Viva Polaroid!

Trying to figure out why Polaroid film is so expensive and hard to find, my husband called Ritz Camera. I don’t know what I was expecting with packs of Polaroid film going for upwards of $45 on amazon. I was shocked when he told me that Polaroid had gone out of business.  In 2008!  That was three year after we bought our last Polaroid camera.

Digital is the new Film.

Last Spring I was pretty dispirited when the news broke that Kodak was going out of business for the same reason.

It isn’t that I use Polaroid often. Our Polaroid One600 was purchased seven years ago to take pictures for our wedding album. It has been BFF with our Monopoly game in the hallway closet since then.

Artists will always esteem film photography and, I am fairly confident that, a “boutique” demand will keep film photography relevant otherwise. With Urban Outfitters fostering many vintage, rare, collector’s edition, and cool looking cameras I know, at least, there is a safe haven and a demand for something quirky and capricious.  When they go on clearance I might shiver in my oxfords just a little bit.

Palming the Polaroid One600, my husband disdains, “This is worthless.”

“A COLLECTOR’S ITEM!” I panic.

He is a photographer, too. He doesn’t argue.

We decide to include it in a time capsule we have been building for our son. Not because it is obsolete but because he is too young for the guardianship of such a special object.

We hope that one day the frenzy over digital perfection will settle down enough that he can buy a pack or a roll of film near his house. His camera will teach him that artistry is achieved from taking risks and skill is the reward of patience and effort. I want him to know how if feels to create something outside the realm of all he thought possible and to crave mystery, wonder, and the alteration of perception.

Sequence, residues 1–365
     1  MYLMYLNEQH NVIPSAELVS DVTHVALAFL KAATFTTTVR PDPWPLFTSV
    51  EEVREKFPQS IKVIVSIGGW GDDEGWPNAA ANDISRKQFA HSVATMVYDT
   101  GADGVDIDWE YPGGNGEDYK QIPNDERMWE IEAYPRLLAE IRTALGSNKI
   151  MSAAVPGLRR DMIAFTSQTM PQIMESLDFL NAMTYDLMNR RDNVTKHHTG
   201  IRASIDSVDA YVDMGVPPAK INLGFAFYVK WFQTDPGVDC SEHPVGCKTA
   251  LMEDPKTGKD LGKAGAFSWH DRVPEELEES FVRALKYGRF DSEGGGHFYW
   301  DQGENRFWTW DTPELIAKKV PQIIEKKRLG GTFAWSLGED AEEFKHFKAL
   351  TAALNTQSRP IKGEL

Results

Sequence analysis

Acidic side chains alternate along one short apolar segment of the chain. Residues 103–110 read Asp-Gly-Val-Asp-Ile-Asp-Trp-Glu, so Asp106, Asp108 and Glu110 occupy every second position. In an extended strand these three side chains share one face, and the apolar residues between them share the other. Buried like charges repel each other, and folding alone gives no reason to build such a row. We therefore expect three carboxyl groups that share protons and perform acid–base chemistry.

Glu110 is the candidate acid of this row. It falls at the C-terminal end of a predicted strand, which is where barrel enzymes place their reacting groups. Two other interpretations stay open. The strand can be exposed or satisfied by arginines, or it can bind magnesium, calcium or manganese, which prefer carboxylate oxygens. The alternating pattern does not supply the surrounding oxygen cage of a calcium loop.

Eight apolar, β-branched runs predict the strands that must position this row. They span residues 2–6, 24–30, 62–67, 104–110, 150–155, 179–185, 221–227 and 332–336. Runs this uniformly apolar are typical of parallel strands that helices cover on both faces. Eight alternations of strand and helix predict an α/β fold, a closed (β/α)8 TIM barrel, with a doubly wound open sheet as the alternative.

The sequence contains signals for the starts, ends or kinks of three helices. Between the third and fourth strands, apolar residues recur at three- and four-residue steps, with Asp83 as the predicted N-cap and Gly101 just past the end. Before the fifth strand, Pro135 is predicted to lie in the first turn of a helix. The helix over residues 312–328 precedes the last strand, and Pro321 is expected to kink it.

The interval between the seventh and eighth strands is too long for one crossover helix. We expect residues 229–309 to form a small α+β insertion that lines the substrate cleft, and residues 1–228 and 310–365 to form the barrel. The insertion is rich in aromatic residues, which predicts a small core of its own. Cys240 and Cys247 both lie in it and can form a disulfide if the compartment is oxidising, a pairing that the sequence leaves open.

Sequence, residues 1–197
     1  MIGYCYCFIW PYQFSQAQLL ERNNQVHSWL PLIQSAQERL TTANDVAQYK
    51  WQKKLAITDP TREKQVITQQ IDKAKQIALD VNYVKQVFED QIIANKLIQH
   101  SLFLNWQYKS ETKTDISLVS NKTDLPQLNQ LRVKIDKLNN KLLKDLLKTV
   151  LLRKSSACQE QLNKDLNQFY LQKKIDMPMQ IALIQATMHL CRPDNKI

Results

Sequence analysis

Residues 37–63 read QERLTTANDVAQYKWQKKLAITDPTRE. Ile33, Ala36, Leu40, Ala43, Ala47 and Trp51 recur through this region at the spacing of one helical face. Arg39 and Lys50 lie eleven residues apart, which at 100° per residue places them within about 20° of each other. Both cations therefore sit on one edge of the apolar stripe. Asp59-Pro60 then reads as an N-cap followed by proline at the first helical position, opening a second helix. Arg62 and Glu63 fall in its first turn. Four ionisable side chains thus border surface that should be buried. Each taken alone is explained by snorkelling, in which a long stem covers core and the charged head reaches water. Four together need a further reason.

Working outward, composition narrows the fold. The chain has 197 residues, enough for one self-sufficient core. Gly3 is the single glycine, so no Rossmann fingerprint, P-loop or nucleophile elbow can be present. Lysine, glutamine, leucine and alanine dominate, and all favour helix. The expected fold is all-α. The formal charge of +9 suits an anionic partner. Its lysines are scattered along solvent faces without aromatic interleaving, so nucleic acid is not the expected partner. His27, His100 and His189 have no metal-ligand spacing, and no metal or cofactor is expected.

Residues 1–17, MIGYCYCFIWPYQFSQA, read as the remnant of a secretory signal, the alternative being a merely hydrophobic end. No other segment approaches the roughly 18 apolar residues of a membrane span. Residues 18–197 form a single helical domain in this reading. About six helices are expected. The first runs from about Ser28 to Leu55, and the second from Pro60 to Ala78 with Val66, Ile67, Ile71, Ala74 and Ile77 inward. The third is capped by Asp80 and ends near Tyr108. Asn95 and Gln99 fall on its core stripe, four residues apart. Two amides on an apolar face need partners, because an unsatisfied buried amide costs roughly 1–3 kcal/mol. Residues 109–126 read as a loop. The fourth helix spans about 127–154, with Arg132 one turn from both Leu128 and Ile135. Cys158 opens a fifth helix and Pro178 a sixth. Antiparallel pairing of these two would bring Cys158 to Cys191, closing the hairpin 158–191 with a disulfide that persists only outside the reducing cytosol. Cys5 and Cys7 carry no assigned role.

I hope he discovers that the vision of his heart and his guts and his environment are just as important as what he sees with his eyes.

I find myself optimistic to think that, while we may have closed the chapter on an era where the imperfect photograph was commonplace, we are embarking on one which appreciates the magic of film photography.

Advertisements

Leave a Reply

Fill in your details below or click an icon to log in:

WordPress.com Logo

You are commenting using your WordPress.com account. Log Out / Change )

Twitter picture

You are commenting using your Twitter account. Log Out / Change )

Facebook photo

You are commenting using your Facebook account. Log Out / Change )

Google+ photo

You are commenting using your Google+ account. Log Out / Change )

Connecting to %s